Miles Hale did a video about using cellulose insulation as a filler below the ground cover. I used it on my layout to fill areas that needed to be built up. I ran it through a small blender to fluff it up and mixed it with plaster of Paris and added water to make a goop. It worked pretty good to give ground contour. I painted it and added ground foam over the top. It worked out pretty good.

    Kurt Moose, BNSF FAN and Joe Lovett like this.
  9. westwayranger

    westwayranger New Member

    Update on this project...

    First, I think I might not have been clear on this. I was not thinking of using the cellulose for a "scultamold" or paper mâché substitute...I was really thinking of trying to make ground-foam type of material. So...I bought a bag, and have tried two procedures.

    1. I took some food dye and soaked a handful of it...i successfully made a big pile of goo. The thought then occurred to me that the same process with something like Rit might yield the same outcome.
    2. I took some watered down latex paint, roughly around 5-1 water-paint, took a handful, and dunked it. It soaked it up well, and the color was great...I didnt squeeze it out as much, so it has taken well over 12 hours to dry. The outcome is reasonably good, though. It looks like larger clumps of scenery foam at this stage. Im going to pass it through a blender to see if I can make smaller clumps.

    The damp clumps themselves can be gathered, funny enough, into bigger clumps for trees that actually look fairly good.

    I take the points everyone has made here...Scenic Express has some good priced foam and stuff, but given this stuff was $6 for a huge bunch of insulation, I can hardly pass this up. I am going to try using some acrylic paint next.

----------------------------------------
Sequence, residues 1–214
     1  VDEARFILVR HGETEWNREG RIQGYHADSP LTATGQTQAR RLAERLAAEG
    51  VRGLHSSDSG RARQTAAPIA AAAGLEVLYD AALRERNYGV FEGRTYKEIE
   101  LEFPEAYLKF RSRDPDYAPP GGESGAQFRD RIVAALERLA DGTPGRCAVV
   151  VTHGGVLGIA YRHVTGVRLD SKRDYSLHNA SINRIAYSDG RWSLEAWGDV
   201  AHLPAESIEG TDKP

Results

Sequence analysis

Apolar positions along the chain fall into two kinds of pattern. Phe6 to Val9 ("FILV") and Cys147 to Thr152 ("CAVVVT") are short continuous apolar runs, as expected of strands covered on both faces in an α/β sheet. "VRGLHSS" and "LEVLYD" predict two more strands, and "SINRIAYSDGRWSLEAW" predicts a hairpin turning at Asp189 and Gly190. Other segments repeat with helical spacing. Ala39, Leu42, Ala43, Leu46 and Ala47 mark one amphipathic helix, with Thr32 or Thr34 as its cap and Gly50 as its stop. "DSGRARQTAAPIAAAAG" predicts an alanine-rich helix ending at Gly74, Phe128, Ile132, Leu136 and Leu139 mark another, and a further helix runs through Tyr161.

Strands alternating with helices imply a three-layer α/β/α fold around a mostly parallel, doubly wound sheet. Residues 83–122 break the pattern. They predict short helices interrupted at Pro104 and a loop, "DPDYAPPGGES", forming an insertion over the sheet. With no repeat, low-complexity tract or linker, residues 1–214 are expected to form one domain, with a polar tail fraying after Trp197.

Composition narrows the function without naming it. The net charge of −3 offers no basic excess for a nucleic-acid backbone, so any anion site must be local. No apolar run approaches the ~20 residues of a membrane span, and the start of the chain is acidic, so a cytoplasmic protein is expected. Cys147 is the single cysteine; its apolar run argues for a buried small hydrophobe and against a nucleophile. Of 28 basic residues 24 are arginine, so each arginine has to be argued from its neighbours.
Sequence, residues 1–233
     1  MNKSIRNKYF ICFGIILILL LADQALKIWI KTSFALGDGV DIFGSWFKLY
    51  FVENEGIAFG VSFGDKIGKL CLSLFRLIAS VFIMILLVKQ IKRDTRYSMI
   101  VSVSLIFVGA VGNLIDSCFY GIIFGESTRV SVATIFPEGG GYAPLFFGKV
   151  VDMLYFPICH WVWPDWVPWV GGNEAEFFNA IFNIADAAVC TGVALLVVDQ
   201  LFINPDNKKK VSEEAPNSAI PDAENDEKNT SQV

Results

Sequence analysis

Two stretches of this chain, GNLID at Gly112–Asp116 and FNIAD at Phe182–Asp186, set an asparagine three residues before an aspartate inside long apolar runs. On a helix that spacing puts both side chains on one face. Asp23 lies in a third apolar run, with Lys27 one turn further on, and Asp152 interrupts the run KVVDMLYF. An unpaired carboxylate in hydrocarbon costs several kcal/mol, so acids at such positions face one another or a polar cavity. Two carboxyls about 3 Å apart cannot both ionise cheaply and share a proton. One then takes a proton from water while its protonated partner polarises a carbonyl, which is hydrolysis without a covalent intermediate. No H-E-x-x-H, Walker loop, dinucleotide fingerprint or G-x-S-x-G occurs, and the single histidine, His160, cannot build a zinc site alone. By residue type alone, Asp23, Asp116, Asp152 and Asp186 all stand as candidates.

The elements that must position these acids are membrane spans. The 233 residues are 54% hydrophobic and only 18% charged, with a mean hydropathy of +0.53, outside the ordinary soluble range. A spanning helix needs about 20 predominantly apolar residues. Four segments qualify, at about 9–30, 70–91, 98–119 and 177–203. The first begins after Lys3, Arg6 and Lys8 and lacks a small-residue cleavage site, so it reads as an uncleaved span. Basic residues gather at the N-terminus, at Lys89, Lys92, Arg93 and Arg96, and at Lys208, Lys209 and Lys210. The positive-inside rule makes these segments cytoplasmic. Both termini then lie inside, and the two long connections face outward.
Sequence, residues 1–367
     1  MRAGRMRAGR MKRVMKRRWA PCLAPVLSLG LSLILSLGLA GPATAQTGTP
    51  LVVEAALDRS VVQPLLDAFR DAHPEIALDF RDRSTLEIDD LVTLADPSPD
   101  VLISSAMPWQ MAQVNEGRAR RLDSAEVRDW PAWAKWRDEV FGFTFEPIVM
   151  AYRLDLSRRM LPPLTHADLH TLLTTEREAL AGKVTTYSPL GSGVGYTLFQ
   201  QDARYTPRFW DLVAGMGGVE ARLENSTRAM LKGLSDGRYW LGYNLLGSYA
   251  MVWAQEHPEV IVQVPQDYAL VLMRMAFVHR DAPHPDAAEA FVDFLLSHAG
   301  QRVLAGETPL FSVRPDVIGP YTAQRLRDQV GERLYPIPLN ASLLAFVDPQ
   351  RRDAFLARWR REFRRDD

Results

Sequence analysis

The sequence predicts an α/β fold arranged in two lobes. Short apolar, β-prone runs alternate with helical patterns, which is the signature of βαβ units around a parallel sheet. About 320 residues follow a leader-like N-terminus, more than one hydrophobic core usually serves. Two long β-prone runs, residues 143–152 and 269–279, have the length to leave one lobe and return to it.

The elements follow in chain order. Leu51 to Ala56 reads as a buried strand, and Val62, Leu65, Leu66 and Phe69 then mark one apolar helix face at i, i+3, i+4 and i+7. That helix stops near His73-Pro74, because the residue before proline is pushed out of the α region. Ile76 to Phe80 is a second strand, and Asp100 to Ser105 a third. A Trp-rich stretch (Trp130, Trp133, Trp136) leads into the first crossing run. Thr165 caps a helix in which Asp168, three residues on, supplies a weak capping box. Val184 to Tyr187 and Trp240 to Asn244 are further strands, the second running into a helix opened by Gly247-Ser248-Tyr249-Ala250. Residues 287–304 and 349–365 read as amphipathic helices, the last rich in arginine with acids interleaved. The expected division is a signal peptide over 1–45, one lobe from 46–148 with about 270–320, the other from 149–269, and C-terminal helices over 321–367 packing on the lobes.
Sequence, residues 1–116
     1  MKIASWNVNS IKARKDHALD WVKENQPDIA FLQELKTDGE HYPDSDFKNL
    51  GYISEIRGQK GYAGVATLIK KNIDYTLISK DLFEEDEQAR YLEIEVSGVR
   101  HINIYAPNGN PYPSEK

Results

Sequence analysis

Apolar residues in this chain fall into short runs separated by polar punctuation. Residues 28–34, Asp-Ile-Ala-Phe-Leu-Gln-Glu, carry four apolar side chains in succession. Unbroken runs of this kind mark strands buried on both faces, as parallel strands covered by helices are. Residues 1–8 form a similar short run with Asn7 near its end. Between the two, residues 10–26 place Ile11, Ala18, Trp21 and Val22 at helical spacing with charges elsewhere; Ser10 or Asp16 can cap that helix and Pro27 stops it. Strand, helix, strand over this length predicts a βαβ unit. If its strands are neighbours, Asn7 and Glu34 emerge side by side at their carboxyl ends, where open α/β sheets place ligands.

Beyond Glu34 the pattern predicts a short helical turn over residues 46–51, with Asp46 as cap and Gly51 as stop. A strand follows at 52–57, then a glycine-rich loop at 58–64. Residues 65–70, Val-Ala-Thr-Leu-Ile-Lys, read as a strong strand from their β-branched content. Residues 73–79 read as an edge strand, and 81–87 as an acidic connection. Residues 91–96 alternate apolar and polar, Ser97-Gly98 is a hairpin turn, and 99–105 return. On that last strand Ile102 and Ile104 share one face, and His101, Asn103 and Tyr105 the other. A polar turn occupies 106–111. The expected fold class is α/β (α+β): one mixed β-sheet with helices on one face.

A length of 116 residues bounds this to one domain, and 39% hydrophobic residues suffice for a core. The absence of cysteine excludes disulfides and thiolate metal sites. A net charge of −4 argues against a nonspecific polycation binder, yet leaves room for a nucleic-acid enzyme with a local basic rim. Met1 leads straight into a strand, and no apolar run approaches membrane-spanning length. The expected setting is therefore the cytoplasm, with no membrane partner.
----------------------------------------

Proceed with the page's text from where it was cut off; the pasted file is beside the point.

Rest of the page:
traingeekboy likes this.
  10. Pastor John

    Pastor John TrainBoard Member

    It *is* cheap, but afterall, it's only shredded newspaper with a fire retardant added (borax, I think).

    Sent from my moto g(7) play using Tapatalk
  11. traingeekboy

    traingeekboy TrainBoard Member


    1. if people didn't experiment we'd never get anything new. Imagine if no one had thought to grind up colored foam for scenery and just did the same old died green sawdust and lichen we used to have, because that is the current standard.

    2. Some of us like to make do with cheaper products because the hobby, to us, is about more then just spending money.

    I am curious to see what results may come of this material. One never knows.
  12. traingeekboy

    traingeekboy TrainBoard Member

    Many years ago I posted a shot of a test I had done with 1 piece of Kato unitrack here on trainboard. I took some ballast and added it to my uni-track on a small piece of pink foam. It was crude and simplistic, yet it revealed possibility. Not long after that everyone on train board was ballasting their uni-track.

    Your scenery idea sounds like an interesting product to explore.

    What if you mixed in powdered pigment before you get it wet?